In the normal adult, 7-8 litres of of water and electrolytes are secreted daily into the gastrointestinal tract. This, together with dietary fluid, is absorbed by epithelial cells in the small and large bowel. Water follows the osmotic gradients which result from shifts of electrolytes across the intestinal epithelium, and sodium and chloride transport mechanisms are central to the causation and management of diarrhoea, especially that caused by bacteria and viruses. The energy for the process is provided by the activity of Na+/K+ ATPase.
Absorption of sodium into the epithelium is effected by:
• Sodium-glucose-coupled entry. Glucose stimulates the absorption of sodium and the resulting water flow also sweeps additional sodium and chloride along with it (solvent drag). This important mechanism remains active in diarrhoea of various aetiologies and improvement of sodium and water absorption by glucose (and amino acids) is the basis of oral rehydration regimens (see below). Absorption of sodium and water in the colon is stimulated by short-chain fatty acids (see below, cereal-based ORT).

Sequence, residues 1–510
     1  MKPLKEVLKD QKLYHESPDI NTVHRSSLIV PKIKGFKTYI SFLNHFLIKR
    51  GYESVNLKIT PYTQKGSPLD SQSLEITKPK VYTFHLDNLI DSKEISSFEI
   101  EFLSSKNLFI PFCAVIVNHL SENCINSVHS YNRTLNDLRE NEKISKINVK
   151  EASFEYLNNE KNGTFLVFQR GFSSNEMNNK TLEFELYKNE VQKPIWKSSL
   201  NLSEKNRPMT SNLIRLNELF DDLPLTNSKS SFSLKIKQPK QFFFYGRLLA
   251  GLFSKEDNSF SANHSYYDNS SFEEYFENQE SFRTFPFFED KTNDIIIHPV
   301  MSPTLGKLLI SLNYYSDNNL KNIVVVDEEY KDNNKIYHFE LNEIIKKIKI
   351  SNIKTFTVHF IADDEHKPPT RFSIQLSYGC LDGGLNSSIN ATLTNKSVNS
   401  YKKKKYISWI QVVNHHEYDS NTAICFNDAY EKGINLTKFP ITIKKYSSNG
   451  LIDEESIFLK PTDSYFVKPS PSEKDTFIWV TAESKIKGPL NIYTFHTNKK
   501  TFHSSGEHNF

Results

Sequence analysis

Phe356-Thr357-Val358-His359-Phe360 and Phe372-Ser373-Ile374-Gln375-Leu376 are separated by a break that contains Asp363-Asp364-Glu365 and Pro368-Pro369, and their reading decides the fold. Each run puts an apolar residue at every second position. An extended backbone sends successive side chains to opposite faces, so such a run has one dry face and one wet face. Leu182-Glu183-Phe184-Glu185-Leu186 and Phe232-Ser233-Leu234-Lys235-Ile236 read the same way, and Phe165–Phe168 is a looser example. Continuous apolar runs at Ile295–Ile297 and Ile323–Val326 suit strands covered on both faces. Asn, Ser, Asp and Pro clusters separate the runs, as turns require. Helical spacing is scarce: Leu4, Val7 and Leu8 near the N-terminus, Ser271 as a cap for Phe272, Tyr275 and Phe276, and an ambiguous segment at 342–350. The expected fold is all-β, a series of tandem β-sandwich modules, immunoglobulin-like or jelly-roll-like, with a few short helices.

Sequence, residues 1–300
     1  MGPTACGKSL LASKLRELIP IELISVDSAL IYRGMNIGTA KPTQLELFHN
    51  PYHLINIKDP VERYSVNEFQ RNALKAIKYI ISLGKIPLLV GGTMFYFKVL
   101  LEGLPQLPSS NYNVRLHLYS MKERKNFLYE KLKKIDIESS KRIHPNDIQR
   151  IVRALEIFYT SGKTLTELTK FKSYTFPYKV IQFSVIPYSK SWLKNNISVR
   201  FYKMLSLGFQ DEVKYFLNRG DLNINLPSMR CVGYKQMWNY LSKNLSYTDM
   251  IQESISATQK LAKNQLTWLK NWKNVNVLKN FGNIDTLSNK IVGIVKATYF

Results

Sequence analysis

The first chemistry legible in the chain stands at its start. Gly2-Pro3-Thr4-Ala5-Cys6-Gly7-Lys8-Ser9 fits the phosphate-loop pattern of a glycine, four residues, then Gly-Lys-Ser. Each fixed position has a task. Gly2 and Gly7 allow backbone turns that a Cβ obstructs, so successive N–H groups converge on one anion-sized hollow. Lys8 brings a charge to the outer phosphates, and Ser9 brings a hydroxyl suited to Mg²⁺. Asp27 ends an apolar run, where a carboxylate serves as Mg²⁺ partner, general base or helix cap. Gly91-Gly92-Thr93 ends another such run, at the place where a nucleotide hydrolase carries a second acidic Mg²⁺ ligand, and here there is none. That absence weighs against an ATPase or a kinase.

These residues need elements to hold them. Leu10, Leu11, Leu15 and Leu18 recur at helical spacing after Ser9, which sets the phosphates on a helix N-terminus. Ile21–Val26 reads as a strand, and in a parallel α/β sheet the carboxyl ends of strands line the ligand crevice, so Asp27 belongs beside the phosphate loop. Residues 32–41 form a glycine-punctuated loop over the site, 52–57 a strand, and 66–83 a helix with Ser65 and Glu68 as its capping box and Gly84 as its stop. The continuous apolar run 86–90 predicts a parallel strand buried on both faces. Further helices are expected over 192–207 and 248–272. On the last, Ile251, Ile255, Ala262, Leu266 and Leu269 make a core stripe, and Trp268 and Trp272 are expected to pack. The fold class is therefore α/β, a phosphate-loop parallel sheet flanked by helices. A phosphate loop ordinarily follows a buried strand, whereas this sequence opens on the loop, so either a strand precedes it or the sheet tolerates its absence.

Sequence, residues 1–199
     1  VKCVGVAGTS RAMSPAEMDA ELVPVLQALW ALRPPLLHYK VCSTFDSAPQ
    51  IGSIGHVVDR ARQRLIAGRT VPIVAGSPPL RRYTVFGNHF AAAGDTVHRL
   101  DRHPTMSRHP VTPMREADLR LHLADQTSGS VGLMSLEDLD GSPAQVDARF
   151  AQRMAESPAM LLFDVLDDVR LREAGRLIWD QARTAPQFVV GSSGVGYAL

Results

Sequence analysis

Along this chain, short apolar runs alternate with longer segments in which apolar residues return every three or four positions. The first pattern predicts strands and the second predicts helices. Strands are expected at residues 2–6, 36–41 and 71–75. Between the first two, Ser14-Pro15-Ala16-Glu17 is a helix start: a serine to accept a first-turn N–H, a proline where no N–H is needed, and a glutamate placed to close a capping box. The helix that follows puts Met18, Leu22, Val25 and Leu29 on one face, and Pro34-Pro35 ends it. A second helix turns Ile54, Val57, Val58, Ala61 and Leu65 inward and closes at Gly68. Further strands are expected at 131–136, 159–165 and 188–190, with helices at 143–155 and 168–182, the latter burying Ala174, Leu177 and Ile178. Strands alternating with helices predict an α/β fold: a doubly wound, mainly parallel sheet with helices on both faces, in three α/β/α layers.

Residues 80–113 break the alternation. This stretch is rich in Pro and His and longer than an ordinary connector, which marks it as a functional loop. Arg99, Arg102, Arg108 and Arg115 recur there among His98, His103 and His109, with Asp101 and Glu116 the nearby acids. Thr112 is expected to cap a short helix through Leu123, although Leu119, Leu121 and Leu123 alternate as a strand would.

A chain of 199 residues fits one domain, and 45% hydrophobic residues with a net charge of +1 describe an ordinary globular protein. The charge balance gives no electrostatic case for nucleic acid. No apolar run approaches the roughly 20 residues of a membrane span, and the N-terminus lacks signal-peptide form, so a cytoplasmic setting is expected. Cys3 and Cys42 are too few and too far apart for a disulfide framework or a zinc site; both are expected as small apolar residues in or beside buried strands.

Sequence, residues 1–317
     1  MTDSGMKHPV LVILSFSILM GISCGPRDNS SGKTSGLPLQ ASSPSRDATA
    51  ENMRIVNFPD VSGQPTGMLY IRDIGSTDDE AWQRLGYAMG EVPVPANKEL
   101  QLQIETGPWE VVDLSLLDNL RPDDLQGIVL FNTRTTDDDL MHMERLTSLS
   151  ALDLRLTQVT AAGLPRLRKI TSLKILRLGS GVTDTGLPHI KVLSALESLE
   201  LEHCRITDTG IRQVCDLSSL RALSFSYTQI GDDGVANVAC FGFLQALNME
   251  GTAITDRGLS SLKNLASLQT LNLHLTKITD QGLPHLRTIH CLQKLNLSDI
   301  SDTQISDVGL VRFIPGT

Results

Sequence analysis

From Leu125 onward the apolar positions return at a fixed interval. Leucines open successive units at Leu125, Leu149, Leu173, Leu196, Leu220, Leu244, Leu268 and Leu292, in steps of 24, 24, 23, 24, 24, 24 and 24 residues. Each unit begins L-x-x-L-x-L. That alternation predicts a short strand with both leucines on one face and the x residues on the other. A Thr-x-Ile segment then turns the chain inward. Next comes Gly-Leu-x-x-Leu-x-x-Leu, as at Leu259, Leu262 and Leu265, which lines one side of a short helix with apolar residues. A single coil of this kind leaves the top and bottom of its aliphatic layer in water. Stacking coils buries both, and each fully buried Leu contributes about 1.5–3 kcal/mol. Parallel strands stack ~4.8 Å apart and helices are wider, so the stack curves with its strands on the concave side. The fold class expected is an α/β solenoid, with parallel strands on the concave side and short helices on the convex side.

• Sodium-ion-coupled entry. Na+ and Cl~ enter the epithelial cell, either as a pair or, as seems more likely, there is a double exchange: Na+ (extracellular) with H+ (intracellular) and CI' (extracellular) with 20H" or 2HC03" (intracellular). Oral rehydration solutions (see below) contain sodium, chloride and bicarbonate.
Secretion is the opposite process to that of absorption. In response to various stimuli, crypt cells actively transport chloride into the gut lumen and sodium and water follow. This stimulus-secretion coupling is modulated by cyclic AMP and GMP, calcium, prostaglandins and leukotrienes.
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